Book review: Midnight In Peking, Paul French

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Viking, £12.99

‘I’VE been alone all my life,” Pamela Werner told her best friend before cycling off into the darkness. “I’m afraid of nothing. And Peking is the safest city in the world.”

On the following morning of 8 January, 1937, her mutilated body was found on waste ground haunted by wild dogs, bats, and, superstition had it, “fox spirits” roaming restlessly in search of victims. Born in the Year of the Sheep, the orphan Pamela had died at the end of the Year of the Rat, her teenage body eviscerated, her heart cut out.

This murder of a white woman, an untouchable laowei, sent shock waves through a city already bracing itself for invasion by the Japanese Army. As the Year of the Ox approached, with its promise of neverending problems, the charmed life of the westerners, which had survived the Boxer rebellion, now faced decimation by the Land of the Rising Sun. The daily whirl of cocktails and tiffins would soon shudder to a stop.

In this brilliant book, Paul French has researched and reconstructed with verve a crime story that turns out to owe nothing to the supernatural. Through the eyes of Inspector Dennis and his Chinese colleague, Colonel Han, we descend into the Badlands and its rookeries of vice, populated by suppurating beggars, painted madams, depraved American dentists and White Russians wandering aimlessly in frayed tsarist uniforms.

Amidst the surrounding hills, western libertines indulge in nudist escapades and hunts for animal and human prey. It is a doomed world characterised by impermanence, where inhabitants seem to have lost their moral compass.

As in all good police procedurals, there are obstacles to the investigation: not only the shifty suspects and over-talkative detectives, but also pompous British diplomats concerned not to lose face in the political and sexual powder keg of Peking.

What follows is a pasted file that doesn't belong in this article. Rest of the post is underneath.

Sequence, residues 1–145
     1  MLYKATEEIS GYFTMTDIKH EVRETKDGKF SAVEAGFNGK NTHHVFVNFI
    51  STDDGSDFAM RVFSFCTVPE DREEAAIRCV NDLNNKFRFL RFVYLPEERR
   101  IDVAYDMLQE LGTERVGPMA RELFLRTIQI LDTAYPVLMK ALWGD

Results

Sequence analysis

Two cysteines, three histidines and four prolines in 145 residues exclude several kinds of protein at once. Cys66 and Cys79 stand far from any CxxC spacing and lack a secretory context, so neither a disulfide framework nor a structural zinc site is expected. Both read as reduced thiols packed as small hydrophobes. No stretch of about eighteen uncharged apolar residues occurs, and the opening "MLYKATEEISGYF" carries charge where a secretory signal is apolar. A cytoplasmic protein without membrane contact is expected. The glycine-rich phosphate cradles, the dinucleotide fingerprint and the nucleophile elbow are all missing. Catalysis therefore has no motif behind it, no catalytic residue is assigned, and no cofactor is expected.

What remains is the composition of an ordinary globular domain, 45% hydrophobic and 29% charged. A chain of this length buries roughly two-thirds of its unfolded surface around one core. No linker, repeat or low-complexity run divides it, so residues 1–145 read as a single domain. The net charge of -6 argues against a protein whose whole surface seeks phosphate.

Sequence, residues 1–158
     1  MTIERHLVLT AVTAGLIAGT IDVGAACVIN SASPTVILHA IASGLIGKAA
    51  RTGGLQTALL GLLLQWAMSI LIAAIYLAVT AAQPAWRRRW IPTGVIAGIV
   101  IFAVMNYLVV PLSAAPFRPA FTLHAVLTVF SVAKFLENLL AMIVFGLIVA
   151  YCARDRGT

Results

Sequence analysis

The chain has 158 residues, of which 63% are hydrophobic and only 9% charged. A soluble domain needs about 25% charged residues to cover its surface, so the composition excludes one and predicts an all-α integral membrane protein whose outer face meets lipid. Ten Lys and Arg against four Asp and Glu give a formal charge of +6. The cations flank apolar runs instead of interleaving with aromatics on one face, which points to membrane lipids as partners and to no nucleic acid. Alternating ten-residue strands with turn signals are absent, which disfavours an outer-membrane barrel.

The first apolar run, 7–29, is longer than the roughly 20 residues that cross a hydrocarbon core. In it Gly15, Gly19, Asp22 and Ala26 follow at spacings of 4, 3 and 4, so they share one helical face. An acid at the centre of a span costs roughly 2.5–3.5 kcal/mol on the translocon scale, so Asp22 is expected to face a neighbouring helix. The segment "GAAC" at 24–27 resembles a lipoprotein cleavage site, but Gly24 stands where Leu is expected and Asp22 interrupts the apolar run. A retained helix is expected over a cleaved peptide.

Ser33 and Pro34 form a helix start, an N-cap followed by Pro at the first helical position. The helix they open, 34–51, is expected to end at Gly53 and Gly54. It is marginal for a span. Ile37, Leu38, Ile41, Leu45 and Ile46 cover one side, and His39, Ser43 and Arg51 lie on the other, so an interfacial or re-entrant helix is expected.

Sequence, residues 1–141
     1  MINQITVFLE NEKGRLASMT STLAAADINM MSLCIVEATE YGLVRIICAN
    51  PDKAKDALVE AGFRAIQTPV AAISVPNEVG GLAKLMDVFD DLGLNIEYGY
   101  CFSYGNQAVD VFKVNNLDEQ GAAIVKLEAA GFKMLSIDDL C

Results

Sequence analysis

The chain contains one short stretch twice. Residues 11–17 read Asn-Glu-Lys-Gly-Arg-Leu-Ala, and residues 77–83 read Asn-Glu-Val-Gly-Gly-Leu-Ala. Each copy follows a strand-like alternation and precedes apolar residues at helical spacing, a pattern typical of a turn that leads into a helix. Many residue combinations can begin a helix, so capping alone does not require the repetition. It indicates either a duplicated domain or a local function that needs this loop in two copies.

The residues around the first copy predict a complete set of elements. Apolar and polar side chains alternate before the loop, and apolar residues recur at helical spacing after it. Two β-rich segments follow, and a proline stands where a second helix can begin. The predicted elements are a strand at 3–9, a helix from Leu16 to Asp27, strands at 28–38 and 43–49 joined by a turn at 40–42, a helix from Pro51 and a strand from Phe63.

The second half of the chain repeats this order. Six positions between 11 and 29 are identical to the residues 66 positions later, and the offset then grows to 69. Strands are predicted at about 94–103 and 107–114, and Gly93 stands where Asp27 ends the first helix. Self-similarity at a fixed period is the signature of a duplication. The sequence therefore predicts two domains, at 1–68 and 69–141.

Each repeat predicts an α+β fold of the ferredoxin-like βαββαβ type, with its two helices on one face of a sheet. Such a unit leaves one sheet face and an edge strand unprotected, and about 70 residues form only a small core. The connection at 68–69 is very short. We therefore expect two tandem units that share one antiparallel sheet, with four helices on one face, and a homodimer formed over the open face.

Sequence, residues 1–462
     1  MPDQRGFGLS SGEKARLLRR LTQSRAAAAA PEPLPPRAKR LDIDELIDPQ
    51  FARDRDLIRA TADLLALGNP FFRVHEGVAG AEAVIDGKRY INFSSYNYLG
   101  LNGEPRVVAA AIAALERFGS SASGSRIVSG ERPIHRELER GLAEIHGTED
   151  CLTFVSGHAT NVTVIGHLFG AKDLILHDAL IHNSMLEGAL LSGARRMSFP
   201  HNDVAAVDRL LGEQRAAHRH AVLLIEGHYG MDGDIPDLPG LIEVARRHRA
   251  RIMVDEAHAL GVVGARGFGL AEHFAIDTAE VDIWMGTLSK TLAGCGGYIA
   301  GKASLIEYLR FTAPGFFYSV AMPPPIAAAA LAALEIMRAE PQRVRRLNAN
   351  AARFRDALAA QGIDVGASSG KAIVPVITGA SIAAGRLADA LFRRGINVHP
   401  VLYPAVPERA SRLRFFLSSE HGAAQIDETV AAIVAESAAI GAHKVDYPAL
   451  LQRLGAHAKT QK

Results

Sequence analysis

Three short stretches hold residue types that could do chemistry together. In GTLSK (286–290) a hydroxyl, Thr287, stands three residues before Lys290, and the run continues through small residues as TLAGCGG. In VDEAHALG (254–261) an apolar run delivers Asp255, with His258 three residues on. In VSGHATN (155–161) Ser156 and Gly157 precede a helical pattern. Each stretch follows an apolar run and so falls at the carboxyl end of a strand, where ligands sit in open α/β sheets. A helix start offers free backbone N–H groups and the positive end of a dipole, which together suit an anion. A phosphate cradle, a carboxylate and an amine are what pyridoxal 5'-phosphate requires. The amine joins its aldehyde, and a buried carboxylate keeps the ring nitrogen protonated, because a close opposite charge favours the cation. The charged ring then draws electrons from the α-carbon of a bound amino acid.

Nothing, also, is quite what it seems: Pamela’s headmaster in the elite grammar school of Tientsin is unmasked as a sexual predator and returns to England in disgrace, while his apparently quiet and serious pupil increasingly lives a double life in the alluring lights of Peking.

Westerners in denial, and fed on too much Fu Manchu, look to orientalist clichés for an explanation: organ theft or ritual mutilation by Chiang Kai-shek’s secret police. To the British Legation’s relief, the investigation peters out and concludes with “murder by persons unknown”.

But they had underestimated the energy and intelligence of the sinologist ETC Werner, Pamela’s 70-year-old adoptive father, himself a former diplomat and barrister. Bearing a wound that cannot heal, and, malicious rumour had it, a man who attracted death and destruction, Werner devotes his last days and substantial bank account to seeking out his daughter’s murderers.

According to the Chinese proverb, “as the water recedes, the rock appears’. In a bizarre twist, the austere academic receives crucial help from a White Russian hermaphrodite, cabaret star and drug dealer called Shura.

The solution to this murder, the father writes to a disbelieving Foreign Office, “is to be sought in the haunts of the sadist sexualists of the Peking foreign underworld clique”. But justice will not be done: soon Japanese soldiers will be strutting through the streets and the low-lives of the Badlands slip from view. Werner will join one of his daughter’s suspected murderers in an internment camp.

Only Shura the hermaphrodite seems equipped to survive this turbulent and deadly epoch, before he/she is swallowed up by the USSR. As for Pamela, her lonely grave now lies somewhere deep under the Second Ring Road of the bustling new Beijing. Her case files have lain deep for decades in a Foreign Office vault that withstood the Blitz.

It is to French’s immense credit that he has managed not only to tell a gripping tale, but, with genuine human sympathy, rescued from oblivion one of the countless victims of the cruelty of history.